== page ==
Nerdy thrills: “Charles Darwin’s Barnacle” is in my local public library

Warning: navel-gazing AND trivial, all in one tidy package

I spent a fish-out-of-water hour last Friday, hanging an art exhibit. Nothing in my career made me suspect I’d ever do that – and given my complete lack of artistic ability*, you’ll be relieved to know that it’s not my art. Instead, I was hanging an exhibit of the illustrations from my book, Charles Darwin’s Barnacle and David Bowie’s Spider. They’re gorgeous, thanks to the expert work of science illustrator Emily Damstra, and if aren’t in Fredericton to see the exhibit, then you can come close via this post and the online exhibit it links to.

I did feel like a fish out of water, given that I was hanging an art exhibit (my first time doing that, although not my first time being a fish out of water). But in another way I felt completely at home, because I was hanging it in my local public library.

It probably won’t surprise anyone to learn that I’ve spent a lot of my life in libraries. Long before writing became an important part of who I am, reading was. (It still is.)  I still remember my first public library: the Madoc Public Library, in Madoc, Ontario, where I lived from roughly age 2 to age 10. Few memories of Madoc are as clear to me as the view inside the library: the children’s books were in a room at the rear of the library, down a half-flight of steps. I remember going down those steps and thinking how amazing it was that I’d come to a room full of thousands of books, and I could take home any one I wanted to. (I remember at least two specific books I discovered in that room, and loved: Bulldozer (Stephen Meader), which in hindsight was probably dreadful; and Tucker’s Countryside (George Selden), which remains wonderful and which my son loved, 40 years later, as much as I did.)

Public libraries are such an astonishing idea – literally astonishing, I mean. Imagine that they didn’t exist, and someone on your town council stood up at a meeting and said “I have an idea. Let’s build a building, and buy ten thousand books, and let people borrow whatever ones they want. Yes, I know we already have bookstores, but we’ll spend what it takes so people can have books for free.  No, not just kids’ books and educational ones – we’ll stock Tom Clancy novels and Harlequin romances and Fifty Shades of Grey**”.  That councillor would surely be laughed out of the room, because if libraries didn’t already exist, we’d all think the idea was ridiculous. Thank goodness they do, because they’re magical places.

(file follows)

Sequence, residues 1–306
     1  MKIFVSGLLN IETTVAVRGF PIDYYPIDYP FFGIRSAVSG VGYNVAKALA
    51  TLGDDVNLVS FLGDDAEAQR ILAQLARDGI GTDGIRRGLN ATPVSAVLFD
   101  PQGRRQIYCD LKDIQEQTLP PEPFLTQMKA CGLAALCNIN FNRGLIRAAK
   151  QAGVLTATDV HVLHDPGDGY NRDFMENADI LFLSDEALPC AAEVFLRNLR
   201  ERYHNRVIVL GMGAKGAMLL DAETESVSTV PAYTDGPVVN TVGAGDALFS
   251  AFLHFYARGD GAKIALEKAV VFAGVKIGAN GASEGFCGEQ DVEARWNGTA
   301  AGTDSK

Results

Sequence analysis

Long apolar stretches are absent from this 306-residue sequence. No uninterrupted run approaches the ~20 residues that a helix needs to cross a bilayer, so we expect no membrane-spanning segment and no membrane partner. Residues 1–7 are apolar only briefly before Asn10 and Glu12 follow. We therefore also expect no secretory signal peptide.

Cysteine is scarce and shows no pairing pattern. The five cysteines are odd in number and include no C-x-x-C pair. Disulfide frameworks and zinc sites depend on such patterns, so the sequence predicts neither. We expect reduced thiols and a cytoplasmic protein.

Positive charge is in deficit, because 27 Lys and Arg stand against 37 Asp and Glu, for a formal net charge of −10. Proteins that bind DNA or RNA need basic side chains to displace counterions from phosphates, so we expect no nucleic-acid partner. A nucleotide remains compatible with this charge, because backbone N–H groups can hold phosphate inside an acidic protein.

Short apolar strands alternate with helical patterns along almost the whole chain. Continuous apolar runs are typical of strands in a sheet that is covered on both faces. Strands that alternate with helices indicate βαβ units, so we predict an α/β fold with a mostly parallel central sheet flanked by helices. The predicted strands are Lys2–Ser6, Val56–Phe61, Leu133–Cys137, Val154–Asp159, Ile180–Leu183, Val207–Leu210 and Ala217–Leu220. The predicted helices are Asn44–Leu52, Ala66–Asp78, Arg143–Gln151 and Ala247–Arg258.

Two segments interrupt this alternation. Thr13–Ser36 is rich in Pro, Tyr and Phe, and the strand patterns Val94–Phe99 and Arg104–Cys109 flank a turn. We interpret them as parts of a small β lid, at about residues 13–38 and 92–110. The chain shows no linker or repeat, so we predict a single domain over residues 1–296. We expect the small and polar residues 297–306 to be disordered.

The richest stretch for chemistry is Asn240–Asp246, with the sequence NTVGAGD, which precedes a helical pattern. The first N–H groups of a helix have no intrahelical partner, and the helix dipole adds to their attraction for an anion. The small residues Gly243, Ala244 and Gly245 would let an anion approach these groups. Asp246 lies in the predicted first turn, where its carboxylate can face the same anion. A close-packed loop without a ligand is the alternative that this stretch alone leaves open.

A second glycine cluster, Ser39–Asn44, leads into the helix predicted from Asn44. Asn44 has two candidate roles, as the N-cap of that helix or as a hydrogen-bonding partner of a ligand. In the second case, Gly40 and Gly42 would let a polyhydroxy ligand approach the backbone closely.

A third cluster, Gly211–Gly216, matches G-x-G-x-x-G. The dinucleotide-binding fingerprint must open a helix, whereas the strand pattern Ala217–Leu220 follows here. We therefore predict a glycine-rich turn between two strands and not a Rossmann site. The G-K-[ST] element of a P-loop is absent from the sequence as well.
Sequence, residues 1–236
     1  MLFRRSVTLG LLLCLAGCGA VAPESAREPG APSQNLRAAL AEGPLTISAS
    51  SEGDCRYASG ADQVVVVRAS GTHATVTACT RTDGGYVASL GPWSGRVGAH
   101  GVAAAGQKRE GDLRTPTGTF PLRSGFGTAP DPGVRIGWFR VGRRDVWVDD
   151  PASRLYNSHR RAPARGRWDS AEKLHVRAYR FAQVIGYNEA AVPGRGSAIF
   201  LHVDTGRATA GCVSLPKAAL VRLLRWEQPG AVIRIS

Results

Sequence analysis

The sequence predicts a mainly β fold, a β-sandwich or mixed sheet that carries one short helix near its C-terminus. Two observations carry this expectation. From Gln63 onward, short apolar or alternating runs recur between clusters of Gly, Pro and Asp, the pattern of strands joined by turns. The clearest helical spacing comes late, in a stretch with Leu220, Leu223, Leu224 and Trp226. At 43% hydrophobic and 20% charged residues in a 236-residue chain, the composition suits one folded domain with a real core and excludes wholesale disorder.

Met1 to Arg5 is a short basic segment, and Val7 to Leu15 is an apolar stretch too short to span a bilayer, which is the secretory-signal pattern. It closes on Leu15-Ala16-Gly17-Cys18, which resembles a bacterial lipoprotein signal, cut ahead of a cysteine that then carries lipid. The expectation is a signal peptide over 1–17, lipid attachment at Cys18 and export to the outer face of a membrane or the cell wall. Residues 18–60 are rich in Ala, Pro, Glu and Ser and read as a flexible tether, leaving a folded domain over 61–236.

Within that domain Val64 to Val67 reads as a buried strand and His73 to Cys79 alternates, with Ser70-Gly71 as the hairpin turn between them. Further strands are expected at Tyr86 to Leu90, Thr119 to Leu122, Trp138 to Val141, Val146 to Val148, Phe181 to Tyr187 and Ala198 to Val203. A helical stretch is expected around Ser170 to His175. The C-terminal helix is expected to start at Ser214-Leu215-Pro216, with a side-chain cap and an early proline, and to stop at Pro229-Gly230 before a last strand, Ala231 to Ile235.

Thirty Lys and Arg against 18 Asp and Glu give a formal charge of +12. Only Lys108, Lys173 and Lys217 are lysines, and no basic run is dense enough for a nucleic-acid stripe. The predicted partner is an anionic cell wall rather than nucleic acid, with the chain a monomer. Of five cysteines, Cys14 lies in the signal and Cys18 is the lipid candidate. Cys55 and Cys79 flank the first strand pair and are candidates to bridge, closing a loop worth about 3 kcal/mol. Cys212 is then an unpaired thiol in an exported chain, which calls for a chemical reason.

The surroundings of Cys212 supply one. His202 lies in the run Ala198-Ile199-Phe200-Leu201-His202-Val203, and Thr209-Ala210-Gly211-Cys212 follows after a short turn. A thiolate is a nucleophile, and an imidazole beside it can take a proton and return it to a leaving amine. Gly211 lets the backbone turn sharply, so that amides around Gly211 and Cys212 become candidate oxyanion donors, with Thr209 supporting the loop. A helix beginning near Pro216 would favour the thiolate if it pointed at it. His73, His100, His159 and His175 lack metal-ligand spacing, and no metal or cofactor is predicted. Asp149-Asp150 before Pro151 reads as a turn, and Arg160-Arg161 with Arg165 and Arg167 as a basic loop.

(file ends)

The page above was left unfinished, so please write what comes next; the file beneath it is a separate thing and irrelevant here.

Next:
Tom Clancy novels and Harlequin romances and Fifty Shades of Grey and – at least in my local public library – Charles Darwin’s Barnacle and David Bowie’s Spider. Partly because of the art exhibit, I have achieved nerdvana: my public library now has a copy of my own book.  It’s not the first public library to hold Charles Darwin’s Barnacle, and many – most? – university libraries have copies of The Scientist’s Guide to Writing; but it was still nothing short of  electrifying to hold a copy of Charles Darwin’s Barnacle with a Dewey Decimal sticker on the spine and a bar code, in the public library I’ve haunted for the last 19 years. It’s a little weird, I guess (and a lot nerdy), but what a wonderful moment.

© Stephen Heard  October 5, 2021

Images: the book, and the exhibit, at the Fredericton Public Library © Stephen Heard, CC BY 4.0

*^Someone will likely jump in here (as my mother used to) and say “Oh, everyone has artistic ability, you just haven’t tried”.  It will be someone with artistic ability and a complete misunderstanding of survivorship bias, of course. I wish those people would think about what they’re saying – because what they’re saying (or at least, what I hear) is “You have ability, and therefore it’s your fault that you’re failing because you’re not trying hard enough”.  I think what they mean to do is boost my self-esteem. Strange way to do that, don’t you think?

**^I bet you expected a snarky footnote about Fifty Shades of Grey, but you’re not getting it. Instead, I brought you down here to point out that libraries are even more ridiculous than that. At ours, you can borrow snowshoes, and musical instruments, and tools, and board games, and seeds. Well, OK, you don’t borrow the seeds so much as swap them; but still.


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